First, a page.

3.5. Effect of Ang II Receptors Antagonism on MAP2 Levels
We investigated first if the effects of Ang II on MAP2 were mediated through its binding to the AT1 or AT2 receptors. For this, cells were incubated with Ang II (600 nM) in the presence or absence of Losartan (10-7 M) or PD123.319 (10-7 M) for 24 h, and MAP2 levels were measured by flow cytometry. Our results showed that MAP2 levels decreased significantly when the cells were incubated with Ang II plus PD123.319 ( MFI; ) compared to cells incubated with Ang II alone. However, no significant changes were observed in MAP2 levels between neuroblastoma cells incubated with Ang II alone ( MFI) and Ang II plus Losartan ( MFI) (Figure 5).
In other experiments, we investigated if the effects of Ang II or its metabolites on MAP2 were mediated through its binding to the AT4 or Ang-(1–7) receptors using inhibitors of Ang II metabolism. For this, cells were exposed to Ang II (600 nM) in the presence or absence of the AP-N/CD13 inhibitor (10-7 M) or MLN-4760 (10-7 M) for 24 h. No significant changes were observed in MAP2 levels when cells were exposed to Ang II alone ( MFI) compared to those with Ang II plus AP-N/CD13 inhibitor ( MFI) or Ang II plus an MLN-4760 ( MFI) (Figure 6).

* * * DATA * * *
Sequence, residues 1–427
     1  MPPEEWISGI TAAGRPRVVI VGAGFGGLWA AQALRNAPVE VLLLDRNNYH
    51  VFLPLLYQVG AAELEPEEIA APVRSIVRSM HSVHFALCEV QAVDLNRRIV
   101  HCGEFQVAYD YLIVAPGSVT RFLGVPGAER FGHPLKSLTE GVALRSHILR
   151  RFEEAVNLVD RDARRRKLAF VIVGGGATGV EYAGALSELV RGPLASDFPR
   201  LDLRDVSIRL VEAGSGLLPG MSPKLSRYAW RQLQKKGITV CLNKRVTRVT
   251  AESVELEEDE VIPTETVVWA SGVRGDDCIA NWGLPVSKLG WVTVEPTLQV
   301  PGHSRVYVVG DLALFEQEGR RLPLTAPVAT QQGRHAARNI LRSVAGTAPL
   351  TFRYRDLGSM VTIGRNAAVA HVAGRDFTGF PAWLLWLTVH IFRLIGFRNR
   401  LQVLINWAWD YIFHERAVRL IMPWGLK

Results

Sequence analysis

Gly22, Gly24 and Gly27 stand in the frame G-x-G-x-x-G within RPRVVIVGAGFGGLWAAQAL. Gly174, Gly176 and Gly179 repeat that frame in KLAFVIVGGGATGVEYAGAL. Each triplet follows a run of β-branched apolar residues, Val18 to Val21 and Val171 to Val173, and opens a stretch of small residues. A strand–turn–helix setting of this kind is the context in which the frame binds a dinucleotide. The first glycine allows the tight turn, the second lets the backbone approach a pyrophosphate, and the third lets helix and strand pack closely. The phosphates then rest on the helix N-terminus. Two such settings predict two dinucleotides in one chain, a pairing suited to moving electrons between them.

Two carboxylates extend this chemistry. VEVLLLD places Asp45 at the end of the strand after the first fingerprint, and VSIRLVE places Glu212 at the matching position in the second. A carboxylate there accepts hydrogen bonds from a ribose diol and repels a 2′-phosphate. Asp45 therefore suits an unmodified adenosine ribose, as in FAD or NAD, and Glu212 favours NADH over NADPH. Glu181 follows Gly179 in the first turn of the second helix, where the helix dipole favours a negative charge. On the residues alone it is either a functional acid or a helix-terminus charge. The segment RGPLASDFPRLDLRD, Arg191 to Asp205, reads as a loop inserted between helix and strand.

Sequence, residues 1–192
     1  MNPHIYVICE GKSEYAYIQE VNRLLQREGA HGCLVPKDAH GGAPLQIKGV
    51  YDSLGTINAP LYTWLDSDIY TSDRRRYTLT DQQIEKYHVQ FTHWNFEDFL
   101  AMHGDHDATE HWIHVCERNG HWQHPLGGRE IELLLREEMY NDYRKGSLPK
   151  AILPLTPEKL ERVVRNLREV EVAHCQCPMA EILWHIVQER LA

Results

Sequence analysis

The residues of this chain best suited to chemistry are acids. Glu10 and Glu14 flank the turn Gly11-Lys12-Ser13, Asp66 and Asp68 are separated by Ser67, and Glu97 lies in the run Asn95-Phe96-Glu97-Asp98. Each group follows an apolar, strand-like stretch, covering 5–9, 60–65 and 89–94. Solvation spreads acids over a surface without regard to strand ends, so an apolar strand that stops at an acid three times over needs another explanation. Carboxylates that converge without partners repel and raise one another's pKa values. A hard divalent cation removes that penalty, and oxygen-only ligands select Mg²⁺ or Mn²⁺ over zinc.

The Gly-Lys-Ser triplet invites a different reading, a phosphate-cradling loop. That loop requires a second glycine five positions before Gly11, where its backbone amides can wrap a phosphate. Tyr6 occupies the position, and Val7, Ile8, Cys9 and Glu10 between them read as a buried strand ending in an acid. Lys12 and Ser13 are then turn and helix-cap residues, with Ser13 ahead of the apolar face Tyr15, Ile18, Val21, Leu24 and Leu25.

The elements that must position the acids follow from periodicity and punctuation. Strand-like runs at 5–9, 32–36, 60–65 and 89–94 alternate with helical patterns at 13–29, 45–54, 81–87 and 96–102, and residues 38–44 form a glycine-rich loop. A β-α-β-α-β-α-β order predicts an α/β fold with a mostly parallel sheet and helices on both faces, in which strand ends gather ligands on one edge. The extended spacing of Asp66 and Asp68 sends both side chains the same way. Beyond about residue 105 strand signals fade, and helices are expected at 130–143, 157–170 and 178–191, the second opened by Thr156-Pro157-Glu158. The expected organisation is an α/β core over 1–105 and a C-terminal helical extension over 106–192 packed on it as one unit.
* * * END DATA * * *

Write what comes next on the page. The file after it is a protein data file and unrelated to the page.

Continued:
The many roles of Ang II in the brain remain unclear. The peptide is considered a mediator of oxidative stress activation that may contribute to neuroinflammation, but its actions in other systems can go from vasoconstriction, sympathetic activation, sodium and fluid retention, cardiac remodeling, cell growth, and cell differentiation [20–22]. Although the activation of oxidative stress induced by Ang II has been studied in different mammalian cells, there is no clear data about the mechanism employed by Ang II during neuroblastoma differentiation and their relationship with ROS generation.